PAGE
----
How the Internet Happened: From Netscape to the iPhone by Brian McCullough — A Review


How the Internet Happened: From Netscape to the iPhone by Brian McCullough

RaeleighReads rating: love--coffee-png-image-52236love--coffee-png-image-52236love--coffee-png-image-52236love--coffee-png-image-52236

I never know how I’m going to feel about non-fiction books when I pick them up, whether I enjoy the subject or not. They can often be dry, boring, slog-of-a-reads. That wasn’t the case for me with Brian McCullough’s How the Internet Happened.

McCullough takes us through the history of the internet from the founding of Netscape by Marc Andreessen and Jim Clark all the way to the present day and the ubiquity of smart phones, which didn’t hit their stride until 2007 with Apple’s iPhone.

McCullough’s voice is conversational, almost peppy. I moved through each chapter with ease, often smiling at his analysis of some of the events I experienced personally as a young person in the early aughts. I still remember when Facebook first made its way through my dorm in 2005. It was an odd feeling knowing I could stay connected to all of the people I had gone to high school with, and it was even odder to recognize that we were able to keep up with each other without ever having to interact at all, without ever having to have a conversation. Go ahead and roll your eyes at me younger people. I know you want to. At that time though, the idea of an online social network was extraordinary.

I enjoyed being able to read about some of the big names behind companies I take for granted today – Jeff Bezos of Amazon, Jerry Yang and David Filo – the yahoos who started Yahoo!, Larry Page and Sergey Brin of Google. And not only that, but it was really interesting to read about the dot-com bubble and eventual burst. I was about 10 when the dot-coms were having their heyday, and about 15 when that bubble burst. Of course, as a kid I had no idea what that internet thing was or the impact it would eventually have on my life.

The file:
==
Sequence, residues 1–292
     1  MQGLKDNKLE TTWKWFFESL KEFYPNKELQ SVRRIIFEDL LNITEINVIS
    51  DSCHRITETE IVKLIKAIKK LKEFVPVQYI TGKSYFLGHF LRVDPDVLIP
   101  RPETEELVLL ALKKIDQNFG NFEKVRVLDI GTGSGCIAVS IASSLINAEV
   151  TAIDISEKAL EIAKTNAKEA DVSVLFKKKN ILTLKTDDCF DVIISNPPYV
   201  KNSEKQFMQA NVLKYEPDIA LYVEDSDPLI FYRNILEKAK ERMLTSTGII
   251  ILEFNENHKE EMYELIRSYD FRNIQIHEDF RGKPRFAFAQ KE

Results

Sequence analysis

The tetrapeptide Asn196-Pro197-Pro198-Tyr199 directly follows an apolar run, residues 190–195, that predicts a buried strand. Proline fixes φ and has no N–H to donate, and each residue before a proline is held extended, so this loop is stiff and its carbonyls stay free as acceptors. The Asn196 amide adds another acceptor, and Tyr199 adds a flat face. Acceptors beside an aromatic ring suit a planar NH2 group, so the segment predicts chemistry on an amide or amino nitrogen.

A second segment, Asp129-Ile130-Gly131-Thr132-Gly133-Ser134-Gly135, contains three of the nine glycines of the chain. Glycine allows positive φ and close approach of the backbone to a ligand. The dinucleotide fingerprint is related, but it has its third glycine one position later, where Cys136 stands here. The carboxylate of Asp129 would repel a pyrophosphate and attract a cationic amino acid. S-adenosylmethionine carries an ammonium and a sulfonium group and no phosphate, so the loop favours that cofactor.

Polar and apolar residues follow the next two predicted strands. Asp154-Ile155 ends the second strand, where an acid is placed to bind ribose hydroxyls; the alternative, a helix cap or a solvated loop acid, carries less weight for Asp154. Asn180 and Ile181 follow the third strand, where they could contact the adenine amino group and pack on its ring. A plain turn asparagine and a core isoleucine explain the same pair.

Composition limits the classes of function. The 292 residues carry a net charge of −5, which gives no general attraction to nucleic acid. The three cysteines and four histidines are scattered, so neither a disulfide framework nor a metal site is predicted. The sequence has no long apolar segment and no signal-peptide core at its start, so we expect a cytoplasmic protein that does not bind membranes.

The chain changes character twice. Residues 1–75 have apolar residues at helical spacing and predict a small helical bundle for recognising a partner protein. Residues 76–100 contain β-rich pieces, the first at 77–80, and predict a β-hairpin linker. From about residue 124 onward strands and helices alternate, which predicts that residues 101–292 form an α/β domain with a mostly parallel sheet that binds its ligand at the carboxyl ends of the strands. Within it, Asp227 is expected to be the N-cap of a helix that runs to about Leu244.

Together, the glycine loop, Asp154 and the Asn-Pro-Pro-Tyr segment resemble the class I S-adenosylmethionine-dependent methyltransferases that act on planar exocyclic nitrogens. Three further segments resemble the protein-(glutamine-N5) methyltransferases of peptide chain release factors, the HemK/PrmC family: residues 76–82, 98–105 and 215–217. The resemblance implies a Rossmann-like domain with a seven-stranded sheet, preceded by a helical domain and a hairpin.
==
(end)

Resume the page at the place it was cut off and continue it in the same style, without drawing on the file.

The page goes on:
Overall, this was a very enjoyable and informative read. It has certainly sparked my interest in reading even more accounts of this time period and the phenomenon known as the internet.

Thanks to NetGalley and W. W. Norton & Company for my review copy.

Expected publication: October 23rd 2018 by Liveright

View all my reviews on Goodreads.

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Literary Criticism and Gender

(CCO Creative Commons)

So, I’m pretty sure I was supposed to post a review yesterday, but I just plum forgot.

Anyhoo…this article came across my radar this morning in which a male literary critic discusses gender bias in the critiquing biz. I found it very intriguing, and I wonder why I never thought of it before. Clearly, the writer felt similarly befuddled.

The article is available here, and the conclusion he comes to is this:

“…the solution to this unjust system has to be both to encourage more female critics and to assign more female authors to both male and female critics…”

This leads me to ponder on the gender bias in reading in general. Now, I personally read both male and female writers, and I think my reviews on this site reflect that. But, I’ve noticed that many people gender their reading, and many more people, ahem PARENTS, tend to gender reading for their children. How many of you women out there were only ever presented with “girly” type material — tutus, parties, princesses, pink, etc., but were never introduced to things like questing, danger, science, or mystery?

Excuse my French, but what the crap is that!? Why would no one have ever offered me some Fred Gipson (Old Yeller) or William H. Armstrong (Sounder) when I was a kid. I mean, I ❤ ❤ ❤ dogs. Why would no one have suggested those to me? Because I’m female? Frankly, that’s stupid.